On March 16, 2011, an open letter, written to the Board of Directors at the Research Centre Borstel and signed by twenty-five scientists hailing from all parts of the globe, was published. In this letter, the scientists repeatedly expressed their admiration and respect for Bulfone-Paus and her contributions to scientific research. The writers also lamented that their esteemed colleague was being held as much responsible for the incidents as the two post-doctoral students.
One month later, the Board of Directors of the Research Centre Borstel wrote a reply to the outraged scientists. The letter issues their dismay with the way Bulfone-Paus handled the accusations and her considerable delay before alerting officials at the centre. The letter also states Bulfone-Paus knew of the possibility of misconduct in her laboratory since 2004, when Dr. Wiebauer first brought the issue to her attention. In response to the scientists’ claims that Bulfone-Paus’ considerable and extensive contributions in her field should influence how she was affected by the incident, officials at Borstel said, “Severe failure in one area (as supervisor and responsible senior, corresponding and first author) can hardly be compensated by merits in other areas.”
Further Investigation and Retractions
In June of 2011, Retraction Watch blog reported Blood had made known to them that they were conducting a review of a paper written by Bulfone-Paus in 1999. The article in question listed Bulfone-Paus as senior author and did not list either of the two previously implicated Russian post-doctoral students as contributor to the paper.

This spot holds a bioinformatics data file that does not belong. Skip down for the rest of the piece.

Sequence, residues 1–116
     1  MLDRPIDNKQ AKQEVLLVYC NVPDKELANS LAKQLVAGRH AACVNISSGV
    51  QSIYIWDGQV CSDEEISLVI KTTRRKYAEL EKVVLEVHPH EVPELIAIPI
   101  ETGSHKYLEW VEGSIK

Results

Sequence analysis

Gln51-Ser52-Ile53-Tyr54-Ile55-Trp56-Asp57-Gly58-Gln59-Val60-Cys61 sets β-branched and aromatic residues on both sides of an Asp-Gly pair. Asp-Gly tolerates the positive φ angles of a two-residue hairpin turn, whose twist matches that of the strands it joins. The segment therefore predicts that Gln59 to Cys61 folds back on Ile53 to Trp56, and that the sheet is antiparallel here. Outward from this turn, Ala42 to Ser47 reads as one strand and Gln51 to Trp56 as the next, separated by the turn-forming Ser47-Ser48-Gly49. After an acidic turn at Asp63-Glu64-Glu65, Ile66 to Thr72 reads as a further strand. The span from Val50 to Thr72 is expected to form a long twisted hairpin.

Also in June, the University of Lubeck, in Germany, began investigations into six papers authored by Bulfone-Paus’ husband, Ralf Paus. Of the six articles in question, Bulfone-Paus was listed as co-author on five of them. Neither of the Russian post-doctoral students were listed as co-authors.
In December of the same year, the journal Transplantation stated they were retracting another of Bulfone-Paus’ papers. The article, published in 2000, was retracted because of “inaccurate information” for two figures contained in the paper. As with the article in Blood, Elena Bulanova and Vadim Budagian were not listed as contributing authors.
- "I am innocent, it was my post-doc!"
- "What problem? I see no problem."